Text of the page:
• Know your P&L. You need to be an accountant. You need to know math. You need to get reports daily and weekly. Numbers are very important to any successful business owner. Have metrics. Get your financials done. Stay on top of your numbers. Get the best financial software and products, which a store like Staples offers.
• Have good partners and advisors. If you’re going to grow past the startup stage you’ll need capital. And banks have it. Find a good local banker and develop a relationship with him or her. You’ll not only get expert advice from someone with a financial background but a good banker will introduce you to their community of professionals, partners and prospective customers. Consider also partnering with a local Small Business Development Center too. Or SCORE. Get close to a CPA or an attorney. These are people and organizations that exist to provide resources to help you grow.
• Talk to similar sized business owners. Join a networking group like Vistage or EO. Go to your Chamber of Commerce events. Get to know others who run businesses no matter what industry they’re in. The challenges are the same. And it’s nice to discover that others are grappling with the same problems you have. You may even get some help figuring out a few.
• Look for problems, don’t avoid them. Many business owners, being optimists, avoid hearing about the bad. Being positive is important of course. But you can’t run away from your problems. And the most successful ones are problem solvers. They seek out the issues and work to resolve them. And they also know that for every problem solved, there’ll be ten more waiting in the wings.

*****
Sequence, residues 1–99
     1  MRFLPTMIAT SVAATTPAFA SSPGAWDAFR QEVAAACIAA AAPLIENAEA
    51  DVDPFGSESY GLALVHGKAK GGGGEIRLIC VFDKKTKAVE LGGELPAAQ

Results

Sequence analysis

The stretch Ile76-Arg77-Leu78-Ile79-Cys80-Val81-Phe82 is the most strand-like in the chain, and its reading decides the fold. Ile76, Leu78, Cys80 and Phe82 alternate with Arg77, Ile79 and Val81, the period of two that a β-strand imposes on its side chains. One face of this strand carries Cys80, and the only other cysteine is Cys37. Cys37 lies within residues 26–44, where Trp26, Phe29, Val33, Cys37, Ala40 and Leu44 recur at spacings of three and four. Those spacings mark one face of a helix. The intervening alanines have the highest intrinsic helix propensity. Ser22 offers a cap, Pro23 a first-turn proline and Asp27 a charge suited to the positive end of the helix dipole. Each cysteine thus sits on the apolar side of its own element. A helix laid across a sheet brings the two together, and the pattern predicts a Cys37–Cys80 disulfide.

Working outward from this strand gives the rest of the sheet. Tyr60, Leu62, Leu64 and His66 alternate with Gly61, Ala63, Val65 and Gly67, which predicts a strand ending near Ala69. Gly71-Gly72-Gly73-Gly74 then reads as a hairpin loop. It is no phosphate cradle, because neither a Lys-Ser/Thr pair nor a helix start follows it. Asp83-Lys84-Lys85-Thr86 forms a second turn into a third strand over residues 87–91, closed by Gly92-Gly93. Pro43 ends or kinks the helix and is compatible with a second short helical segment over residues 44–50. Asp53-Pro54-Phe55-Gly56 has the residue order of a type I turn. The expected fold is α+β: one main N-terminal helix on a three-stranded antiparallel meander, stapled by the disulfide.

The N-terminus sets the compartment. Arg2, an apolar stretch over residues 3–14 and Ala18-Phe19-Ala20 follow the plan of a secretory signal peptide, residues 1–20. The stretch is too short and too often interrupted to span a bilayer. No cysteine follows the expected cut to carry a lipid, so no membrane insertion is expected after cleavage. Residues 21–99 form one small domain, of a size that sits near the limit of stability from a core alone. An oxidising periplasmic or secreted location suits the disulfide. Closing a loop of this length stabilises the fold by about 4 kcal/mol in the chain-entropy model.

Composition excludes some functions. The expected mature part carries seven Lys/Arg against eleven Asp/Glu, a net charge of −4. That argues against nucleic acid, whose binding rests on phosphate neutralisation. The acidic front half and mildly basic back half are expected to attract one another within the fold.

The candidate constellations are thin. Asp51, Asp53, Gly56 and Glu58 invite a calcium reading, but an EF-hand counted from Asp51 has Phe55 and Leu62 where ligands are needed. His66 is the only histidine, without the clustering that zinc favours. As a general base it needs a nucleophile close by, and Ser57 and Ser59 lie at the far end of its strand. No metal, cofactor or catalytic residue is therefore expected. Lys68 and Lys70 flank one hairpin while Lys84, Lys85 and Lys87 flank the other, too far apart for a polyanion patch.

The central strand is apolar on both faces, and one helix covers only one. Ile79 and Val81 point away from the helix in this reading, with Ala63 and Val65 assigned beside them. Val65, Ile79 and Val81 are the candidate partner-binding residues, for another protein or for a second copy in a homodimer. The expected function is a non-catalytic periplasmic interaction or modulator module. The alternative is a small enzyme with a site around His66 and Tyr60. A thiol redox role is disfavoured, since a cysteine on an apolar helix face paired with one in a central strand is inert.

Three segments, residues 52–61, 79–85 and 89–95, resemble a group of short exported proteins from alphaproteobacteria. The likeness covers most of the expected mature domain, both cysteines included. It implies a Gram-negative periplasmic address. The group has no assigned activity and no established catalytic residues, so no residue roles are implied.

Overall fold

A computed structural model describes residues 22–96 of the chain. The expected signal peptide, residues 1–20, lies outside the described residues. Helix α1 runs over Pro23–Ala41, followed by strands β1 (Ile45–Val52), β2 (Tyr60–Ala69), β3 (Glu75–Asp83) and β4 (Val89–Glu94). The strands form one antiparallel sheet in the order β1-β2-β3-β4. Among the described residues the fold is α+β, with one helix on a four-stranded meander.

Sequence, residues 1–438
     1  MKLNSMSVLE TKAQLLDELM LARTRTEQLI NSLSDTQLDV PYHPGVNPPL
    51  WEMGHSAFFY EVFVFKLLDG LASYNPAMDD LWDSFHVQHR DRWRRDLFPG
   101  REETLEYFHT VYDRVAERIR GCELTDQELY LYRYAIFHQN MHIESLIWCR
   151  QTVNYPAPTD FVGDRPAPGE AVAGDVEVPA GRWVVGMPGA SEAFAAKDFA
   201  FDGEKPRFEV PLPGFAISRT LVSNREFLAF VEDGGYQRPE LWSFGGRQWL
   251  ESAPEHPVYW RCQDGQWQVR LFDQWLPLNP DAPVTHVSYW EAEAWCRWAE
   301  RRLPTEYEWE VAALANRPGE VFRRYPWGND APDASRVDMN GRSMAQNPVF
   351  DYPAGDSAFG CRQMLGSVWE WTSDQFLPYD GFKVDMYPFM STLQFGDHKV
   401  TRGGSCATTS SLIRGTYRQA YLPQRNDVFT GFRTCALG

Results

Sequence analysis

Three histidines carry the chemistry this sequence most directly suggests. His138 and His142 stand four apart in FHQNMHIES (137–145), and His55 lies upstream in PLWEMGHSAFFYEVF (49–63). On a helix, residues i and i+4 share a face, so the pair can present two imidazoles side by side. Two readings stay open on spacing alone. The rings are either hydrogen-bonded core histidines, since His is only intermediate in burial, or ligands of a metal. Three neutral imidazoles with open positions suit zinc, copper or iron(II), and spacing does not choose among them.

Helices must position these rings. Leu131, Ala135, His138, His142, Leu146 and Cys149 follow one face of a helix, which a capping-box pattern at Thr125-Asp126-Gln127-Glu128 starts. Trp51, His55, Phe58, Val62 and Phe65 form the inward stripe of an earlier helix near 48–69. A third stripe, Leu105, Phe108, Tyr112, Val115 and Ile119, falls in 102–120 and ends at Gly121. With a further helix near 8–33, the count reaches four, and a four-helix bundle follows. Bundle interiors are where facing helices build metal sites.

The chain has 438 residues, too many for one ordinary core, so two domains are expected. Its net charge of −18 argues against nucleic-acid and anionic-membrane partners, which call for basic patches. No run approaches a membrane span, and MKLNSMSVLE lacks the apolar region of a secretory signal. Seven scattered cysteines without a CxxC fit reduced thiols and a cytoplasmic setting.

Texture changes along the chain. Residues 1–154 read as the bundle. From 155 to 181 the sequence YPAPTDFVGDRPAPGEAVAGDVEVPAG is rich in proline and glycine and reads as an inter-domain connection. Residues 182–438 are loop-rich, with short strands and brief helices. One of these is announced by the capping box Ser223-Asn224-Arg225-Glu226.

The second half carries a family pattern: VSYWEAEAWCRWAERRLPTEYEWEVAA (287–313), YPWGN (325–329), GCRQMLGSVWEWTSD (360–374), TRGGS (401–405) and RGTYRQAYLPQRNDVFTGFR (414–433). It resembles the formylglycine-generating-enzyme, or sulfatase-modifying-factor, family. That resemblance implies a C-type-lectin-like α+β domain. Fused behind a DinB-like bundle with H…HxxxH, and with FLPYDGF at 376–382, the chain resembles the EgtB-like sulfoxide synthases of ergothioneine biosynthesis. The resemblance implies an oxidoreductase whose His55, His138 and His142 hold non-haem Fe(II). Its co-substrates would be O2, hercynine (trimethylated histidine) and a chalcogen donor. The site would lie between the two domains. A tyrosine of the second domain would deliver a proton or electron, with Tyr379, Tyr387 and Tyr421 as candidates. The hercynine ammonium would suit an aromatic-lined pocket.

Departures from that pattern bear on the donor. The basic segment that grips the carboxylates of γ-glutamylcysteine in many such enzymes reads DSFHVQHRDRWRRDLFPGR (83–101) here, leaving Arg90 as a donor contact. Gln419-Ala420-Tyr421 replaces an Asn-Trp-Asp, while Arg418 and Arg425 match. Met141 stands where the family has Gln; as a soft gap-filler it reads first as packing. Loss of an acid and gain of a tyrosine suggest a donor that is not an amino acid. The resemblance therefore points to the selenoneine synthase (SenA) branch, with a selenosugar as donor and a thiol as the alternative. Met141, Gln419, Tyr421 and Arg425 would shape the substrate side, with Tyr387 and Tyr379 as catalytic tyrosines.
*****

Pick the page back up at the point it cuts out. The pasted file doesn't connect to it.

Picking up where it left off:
• Get feedback often. Survey your customers. Sit down with your employees. Bring in a consultant or an advisor. You don’t even know what you’re doing right or wrong most of the time because you’re so busy just running your company. It’s extremely helpful to get someone else’s perspective. And if you keep your mind open, you’ll find that some of these observations may significantly change how you’re running your business.
• Create a positive work environment. No one wants to spend ten hours a day in a miserable place. You want what’s best for your current employees. And you’ll want to always attract talented new people. To do this you need to demonstrate why your company is better to work at than anywhere else. The result will be happier people and a better attitude towards your customers.
• Recognize your talents, let others do the rest. You can’t do it all. You won’t be able to micromanage your way to success. The only way is to empower your people to do what they do so you can do what you do. Focus on what you do best and give others the chance to do what they do best. Everyone will profit.
• Have a plan. Or a mission. Or a goal. It can be one year or three years away. But have one. That way you’ve got something tangible to work for. A direction. A reason for doing what you’re doing. You won’t be able to do it all. And there will be many roads you can travel. Pick one and create your goals. Having a plan will keep you focused on what’s important and help you avoid things that will distract you from reaching your goals.
• Enjoy what you do. Profits are important but they shouldn’t be the driving motivation behind your business. There are plenty of ways in this world to make money. But life is short and you’ll be working hard. So you better have passion. And you better have fun. Because otherwise, is this really worth it?
Check out the Staples Small Business Center with tips, deals and products to help make more happen at your small business every day.